Use QueryTracker.com to find info on agents, use the forums to workshop your query, and when it’s ready, use QT to keep track of who you query, their response, followups, etc. Extremely useful.
Join AbsoluteWrite.com and put your query through “Query Letter Hell”, a share your work forum where you can get *really* useful feedback, revise, and get more feedback until you have it right. Before posting your own query, read those of others, and the feedback, revisions, etc. Practice critiquing them before you read the feedback to help you learn what works, what doesn’t.
Be careful what you say publicly, on forums, etc. One writer had an offer of representation, no contract yet, and replied to a question about the agent on a forum, and was less than complimentary. Even though she used an anon handle, she mentioned a couple of details. The agent rec’d a google alert, saw the thread, and recognized the writer from the details she had mentioned. Withdrew the offer. Discretion and professionalism are the name of the game, never to be forgotten. Badmouth agents/editors/reviewers and they *will* see or hear about it. Who can blame them for not wanting to work with someone like that?
Read agent blogs, as well as those of editors and experienced authors who blog about writing/publishing. Don’t stop there, though. Follow them on Twitter, LinkedIn, Google+, Facebook, any social media you can. Agents will often Tweet something like “Just wish someone would send me a…” going on to describe exactly what you’ve written. That kind of spur-of-the-moment comment doesn’t often make it to their blogs. You can reply that you have it and ask permission to query. Remind them of the exchange at the beginning of your email or even in the subject line, for ex, add re Twitter exchange mm/dd to the subject line. That prior contact can help you cut to the front of the line.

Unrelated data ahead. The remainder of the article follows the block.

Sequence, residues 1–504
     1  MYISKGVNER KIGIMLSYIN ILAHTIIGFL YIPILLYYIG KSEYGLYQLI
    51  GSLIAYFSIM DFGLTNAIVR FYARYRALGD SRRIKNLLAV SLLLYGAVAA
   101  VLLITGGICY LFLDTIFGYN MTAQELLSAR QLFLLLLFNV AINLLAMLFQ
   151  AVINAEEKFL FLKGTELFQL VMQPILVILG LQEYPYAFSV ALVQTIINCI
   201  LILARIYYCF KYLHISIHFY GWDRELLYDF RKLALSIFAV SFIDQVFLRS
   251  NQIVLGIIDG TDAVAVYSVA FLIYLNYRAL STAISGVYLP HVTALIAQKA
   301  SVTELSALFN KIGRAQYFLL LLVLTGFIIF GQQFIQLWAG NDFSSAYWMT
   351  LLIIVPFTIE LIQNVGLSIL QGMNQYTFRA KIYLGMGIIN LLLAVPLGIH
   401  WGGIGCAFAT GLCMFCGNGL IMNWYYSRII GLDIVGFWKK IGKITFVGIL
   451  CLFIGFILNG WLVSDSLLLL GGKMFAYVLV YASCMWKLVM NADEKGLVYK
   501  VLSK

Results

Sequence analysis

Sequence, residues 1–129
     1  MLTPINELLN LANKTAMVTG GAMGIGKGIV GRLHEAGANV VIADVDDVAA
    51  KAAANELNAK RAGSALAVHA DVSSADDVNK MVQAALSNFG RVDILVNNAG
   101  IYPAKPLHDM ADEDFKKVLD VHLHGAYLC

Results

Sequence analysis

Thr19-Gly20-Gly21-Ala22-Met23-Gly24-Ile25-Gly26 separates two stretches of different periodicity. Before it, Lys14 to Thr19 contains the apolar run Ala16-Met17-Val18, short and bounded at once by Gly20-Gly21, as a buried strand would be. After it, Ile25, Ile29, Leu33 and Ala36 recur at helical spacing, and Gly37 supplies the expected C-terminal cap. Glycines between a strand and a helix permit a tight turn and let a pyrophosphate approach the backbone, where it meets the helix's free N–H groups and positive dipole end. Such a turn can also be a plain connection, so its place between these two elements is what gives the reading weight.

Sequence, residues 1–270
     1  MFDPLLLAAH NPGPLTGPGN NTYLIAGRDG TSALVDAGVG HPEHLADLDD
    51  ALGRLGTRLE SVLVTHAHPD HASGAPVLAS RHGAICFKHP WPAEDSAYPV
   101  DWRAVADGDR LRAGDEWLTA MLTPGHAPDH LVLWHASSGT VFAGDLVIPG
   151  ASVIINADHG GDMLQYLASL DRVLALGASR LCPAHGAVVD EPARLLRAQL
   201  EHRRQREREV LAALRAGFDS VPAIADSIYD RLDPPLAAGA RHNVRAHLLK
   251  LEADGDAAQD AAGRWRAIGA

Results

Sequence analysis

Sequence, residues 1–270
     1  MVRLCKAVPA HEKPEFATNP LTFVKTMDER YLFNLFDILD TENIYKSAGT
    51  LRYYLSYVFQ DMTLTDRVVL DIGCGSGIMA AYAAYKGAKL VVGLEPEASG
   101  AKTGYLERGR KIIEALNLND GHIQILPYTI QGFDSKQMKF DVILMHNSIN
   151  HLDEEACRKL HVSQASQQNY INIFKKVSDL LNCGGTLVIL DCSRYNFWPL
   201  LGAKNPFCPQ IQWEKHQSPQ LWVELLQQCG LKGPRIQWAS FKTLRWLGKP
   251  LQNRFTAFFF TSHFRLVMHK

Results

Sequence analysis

Don’t send queries to every agent on your list right away. Send to maybe 1/10. If you don’t get requests for partials, you know something is wrong with your query. Revise it and send to another 1/10. Repeat until your’re getting lots of requests. If those partials get rejected, you know there’s a problem with the beginning of your book. Revise, query the next 1/10. Repeat until those partials turn into requests for fulls. If your fulls are rejected, you know there’s a problem with the middle or end of your book. Revise, query the next 1/10. Repeat. I don’t remember the exact percentage of requests you should be getting, 15-20%, I believe.
On Twitter, follow the #pubtip hashtag. Lots of agents will tweet personal preferences, things people do in queries that get an auto R, etc. Make sure you follow each agent’s query guidelines to a T. Get their name right – yeah, use their name, not Dear Agent.
OK, this reply has turned into it’s own book… The biggest thing about querying is *Never* send out less than your absolute best work. Good enough isn’t good enough.